- Associated Press - Saturday, February 15, 2014

CHARLESTON, W.Va. (AP) - There’s the “starburst,” the “fishtail” and the “hexafish.” Then there’s the “sweetheart” and the “liberty twistz,” the “triple single rainbow” and the “tulip tower.”

Those aren’t dance moves or stiff drinks. Each nonsensical name describes a different kind of bracelet, all made from dozens of tiny rubber bands with a hook and plastic trinket called a Rainbow Loom.

Hannah McCune, a fifth grader at Ruthlawn Elementary, rattled off the names for her bracelets as she sorted through a pile of more than 100 of them - a collection she’s compiled over the last several months, since her aunt bought her a Rainbow Loom as a gift.

“I’ve made tons of them,” McCune said. “I even made half of the hardest fishtail in the world.”

She’s not alone. Kids are crazy about the Rainbow Loom. Since it caught on last year - with the help of the Internet, the simple, old-fashioned craft toy has won a slew of toy awards and inspired dedication from legions of pint-sized fans.

The loom - just a plastic board with three rows of pegs - comes with hundreds of small, colorful rubber bands and a hook. Each bracelet, necklace or charm is made by pulling the rubber bands from one hook to another, creating complex designs.

Parents like it because it’s cheap. The looms often cost less than $15 and rubber band refills are around $3 - and more creative and hands-on than videogames or electronics.

“The kids are teaching each other these things,” said Susan Nelson, director of the Third Base after-school program at Ruthlawn Elementary. Her team started letting kids bring in their Rainbow Loom kits to work on during the program, after they heard kids talking about the toys nonstop.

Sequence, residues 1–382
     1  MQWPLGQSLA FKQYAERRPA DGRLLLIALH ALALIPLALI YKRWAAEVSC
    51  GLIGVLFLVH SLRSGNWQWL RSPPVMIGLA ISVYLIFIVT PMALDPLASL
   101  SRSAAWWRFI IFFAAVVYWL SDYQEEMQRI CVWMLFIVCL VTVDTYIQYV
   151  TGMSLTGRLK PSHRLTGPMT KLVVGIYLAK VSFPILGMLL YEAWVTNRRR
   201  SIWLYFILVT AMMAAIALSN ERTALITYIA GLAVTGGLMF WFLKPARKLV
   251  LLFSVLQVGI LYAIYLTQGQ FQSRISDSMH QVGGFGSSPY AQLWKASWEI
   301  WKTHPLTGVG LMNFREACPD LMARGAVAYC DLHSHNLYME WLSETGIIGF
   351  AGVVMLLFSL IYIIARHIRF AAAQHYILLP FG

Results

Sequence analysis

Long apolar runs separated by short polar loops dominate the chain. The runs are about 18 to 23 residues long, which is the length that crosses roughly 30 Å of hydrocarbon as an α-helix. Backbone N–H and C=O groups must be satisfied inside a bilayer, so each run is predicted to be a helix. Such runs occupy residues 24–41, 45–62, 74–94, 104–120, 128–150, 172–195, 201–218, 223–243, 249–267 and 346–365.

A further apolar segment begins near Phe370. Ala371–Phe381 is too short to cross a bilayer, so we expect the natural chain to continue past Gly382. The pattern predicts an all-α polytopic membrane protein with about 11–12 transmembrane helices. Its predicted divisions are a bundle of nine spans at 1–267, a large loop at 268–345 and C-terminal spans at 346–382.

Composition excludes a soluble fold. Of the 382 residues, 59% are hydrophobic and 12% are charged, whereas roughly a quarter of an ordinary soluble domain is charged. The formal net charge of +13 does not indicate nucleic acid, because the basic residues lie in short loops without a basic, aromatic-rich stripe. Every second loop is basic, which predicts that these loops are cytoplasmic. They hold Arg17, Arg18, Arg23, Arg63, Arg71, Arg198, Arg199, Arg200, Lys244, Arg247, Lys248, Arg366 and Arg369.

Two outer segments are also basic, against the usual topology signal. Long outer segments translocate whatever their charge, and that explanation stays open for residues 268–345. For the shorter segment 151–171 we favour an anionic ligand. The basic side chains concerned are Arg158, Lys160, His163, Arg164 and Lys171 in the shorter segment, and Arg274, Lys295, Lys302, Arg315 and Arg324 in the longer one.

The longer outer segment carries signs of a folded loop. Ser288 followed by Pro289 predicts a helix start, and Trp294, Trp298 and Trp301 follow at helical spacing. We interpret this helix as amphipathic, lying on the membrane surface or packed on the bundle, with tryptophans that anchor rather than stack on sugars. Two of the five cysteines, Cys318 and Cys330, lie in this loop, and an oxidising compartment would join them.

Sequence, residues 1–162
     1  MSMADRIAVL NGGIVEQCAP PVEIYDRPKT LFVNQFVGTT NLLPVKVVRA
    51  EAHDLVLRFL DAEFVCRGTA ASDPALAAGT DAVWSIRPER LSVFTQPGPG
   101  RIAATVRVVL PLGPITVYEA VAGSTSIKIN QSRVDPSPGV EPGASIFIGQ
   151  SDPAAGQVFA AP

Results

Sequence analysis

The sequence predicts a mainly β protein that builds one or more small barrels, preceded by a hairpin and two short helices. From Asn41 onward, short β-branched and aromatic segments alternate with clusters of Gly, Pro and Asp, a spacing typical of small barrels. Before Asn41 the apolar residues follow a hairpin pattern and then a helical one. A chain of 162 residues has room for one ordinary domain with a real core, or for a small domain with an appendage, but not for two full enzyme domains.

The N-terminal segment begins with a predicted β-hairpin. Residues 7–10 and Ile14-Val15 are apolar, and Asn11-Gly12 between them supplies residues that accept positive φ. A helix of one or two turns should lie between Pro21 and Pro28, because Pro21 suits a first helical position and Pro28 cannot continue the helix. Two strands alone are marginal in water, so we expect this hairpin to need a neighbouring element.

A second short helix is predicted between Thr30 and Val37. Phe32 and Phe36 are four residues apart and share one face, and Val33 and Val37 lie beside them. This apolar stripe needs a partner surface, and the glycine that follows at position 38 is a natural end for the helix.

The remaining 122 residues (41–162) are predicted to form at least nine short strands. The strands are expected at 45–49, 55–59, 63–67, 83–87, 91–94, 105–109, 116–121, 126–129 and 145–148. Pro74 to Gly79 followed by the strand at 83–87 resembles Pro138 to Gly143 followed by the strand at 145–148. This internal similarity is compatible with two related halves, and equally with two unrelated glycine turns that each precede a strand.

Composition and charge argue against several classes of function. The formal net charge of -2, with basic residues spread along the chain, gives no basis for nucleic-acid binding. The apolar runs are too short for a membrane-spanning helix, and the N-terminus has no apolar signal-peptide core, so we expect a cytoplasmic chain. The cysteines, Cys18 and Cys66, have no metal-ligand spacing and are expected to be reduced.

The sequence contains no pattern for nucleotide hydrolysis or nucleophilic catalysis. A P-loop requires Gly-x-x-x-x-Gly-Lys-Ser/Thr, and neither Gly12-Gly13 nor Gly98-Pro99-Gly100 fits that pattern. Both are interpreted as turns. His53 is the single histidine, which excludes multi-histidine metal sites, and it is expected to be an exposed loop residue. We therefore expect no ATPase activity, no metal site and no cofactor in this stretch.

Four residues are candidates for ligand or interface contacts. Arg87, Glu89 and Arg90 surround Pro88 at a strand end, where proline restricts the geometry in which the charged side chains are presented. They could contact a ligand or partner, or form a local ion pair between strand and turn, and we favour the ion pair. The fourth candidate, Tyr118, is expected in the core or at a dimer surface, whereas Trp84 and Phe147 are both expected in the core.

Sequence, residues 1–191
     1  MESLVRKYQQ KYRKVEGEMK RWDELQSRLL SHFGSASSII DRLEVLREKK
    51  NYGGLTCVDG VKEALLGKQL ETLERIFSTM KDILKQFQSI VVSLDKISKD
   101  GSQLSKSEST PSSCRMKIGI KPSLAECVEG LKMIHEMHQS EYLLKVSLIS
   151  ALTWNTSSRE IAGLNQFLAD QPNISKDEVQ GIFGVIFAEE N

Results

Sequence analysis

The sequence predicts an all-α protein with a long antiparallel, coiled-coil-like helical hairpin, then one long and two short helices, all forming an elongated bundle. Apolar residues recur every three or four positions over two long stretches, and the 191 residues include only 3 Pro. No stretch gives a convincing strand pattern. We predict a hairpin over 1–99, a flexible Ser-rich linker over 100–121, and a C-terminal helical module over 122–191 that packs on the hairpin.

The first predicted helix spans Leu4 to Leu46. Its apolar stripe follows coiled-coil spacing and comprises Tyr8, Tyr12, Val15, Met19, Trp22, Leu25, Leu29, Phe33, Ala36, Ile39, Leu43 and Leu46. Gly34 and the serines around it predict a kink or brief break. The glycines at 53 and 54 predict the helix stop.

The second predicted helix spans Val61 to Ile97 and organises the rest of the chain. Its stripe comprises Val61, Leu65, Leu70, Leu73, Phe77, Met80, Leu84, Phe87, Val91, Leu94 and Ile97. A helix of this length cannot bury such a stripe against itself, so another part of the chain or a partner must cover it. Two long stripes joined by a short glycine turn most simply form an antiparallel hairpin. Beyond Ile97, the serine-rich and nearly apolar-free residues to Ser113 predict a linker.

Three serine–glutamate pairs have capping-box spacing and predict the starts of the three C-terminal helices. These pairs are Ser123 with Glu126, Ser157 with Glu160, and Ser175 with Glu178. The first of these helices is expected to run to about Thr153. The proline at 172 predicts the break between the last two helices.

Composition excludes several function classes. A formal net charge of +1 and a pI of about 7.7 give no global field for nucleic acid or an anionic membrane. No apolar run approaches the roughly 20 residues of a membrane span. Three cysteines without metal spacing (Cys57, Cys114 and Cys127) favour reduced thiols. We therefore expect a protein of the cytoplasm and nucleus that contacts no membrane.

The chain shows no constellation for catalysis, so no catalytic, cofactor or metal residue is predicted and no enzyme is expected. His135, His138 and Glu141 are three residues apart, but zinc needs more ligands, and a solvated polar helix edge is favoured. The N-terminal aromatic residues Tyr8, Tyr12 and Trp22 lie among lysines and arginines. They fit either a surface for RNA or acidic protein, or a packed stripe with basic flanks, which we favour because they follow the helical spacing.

“We try to come up with our own activities for the kids, but this is one of those things that was kid driven,” she said. “They wanted to do it, so we thought we’d let them.”

The hands-on crafting experience is part of the Rainbow Loom’s appeal. But the toy also benefits from the same draw as Beanie Babies and Pogs, baseball cards and Silly Bandz: They’re collectors’ items.

After kids make the bracelets, which often takes less than 10 minutes, they are left with a finished product, dozens of rubber bracelets that they fill their wrists with every day.

“Everybody makes them,” said Emma Dickens, a fourth grader at Ruthlawn. “And even the people who don’t ask us for the bracelets all the time.”

The Rainbow Loom had one more thing helping its ascension to toy stardom: the Internet.

The loom comes with a manual that includes instructions for some of the simpler designs, but those don’t hold the same appeal as the other, more complicated and mysterious bracelet designs, like the starburst or the tulip tower.

Where do you go to find out how to make those?

“To YouTube!” shouted Kaden Thomas, a 5th grader at Ruthlawn.

Dozens of kids and moms, as well as the official Rainbow Loom team, have posted videos with instructions to make different types of bracelets.

The top video explaining how to make that starburst bracelet, from a young girl who calls herself Ashley Steph, has more than 12 million views. The top tulip tower instructional video has nearly 1 million views.

While craft kits were traditionally identified with girls, the Rainbow Loom is just as popular among boys as girls. At Ruthlawn’s after-school program recently, the Rainbow Loom table was filled with seven girls and four boys.

Kaden Thomas, a fifth-grader at Ruthlawn, has made almost as many Rainbow Loom projects as McCune, with her hundreds of bracelets, and doesn’t think it’s a girly thing to do. His creations are in shades of blue and green, and sometimes he makes things that aren’t jewelry.

“I made a jump rope once,” he said.

“Yeah, that was awesome,” said his friend, fourth-grader Zach Johnson.

They gave each other a high five, and then turned back to their rainbow looms.

Johnson is less cavalier about the gender dynamics of his crafting - but he’s not going to stop playing with his Rainbow loom.

“I think they’re probably pretty girly,” he said. “But I still make them for entertainment.”


Information from: Charleston Daily Mail, https://www.charlestondailymail.com



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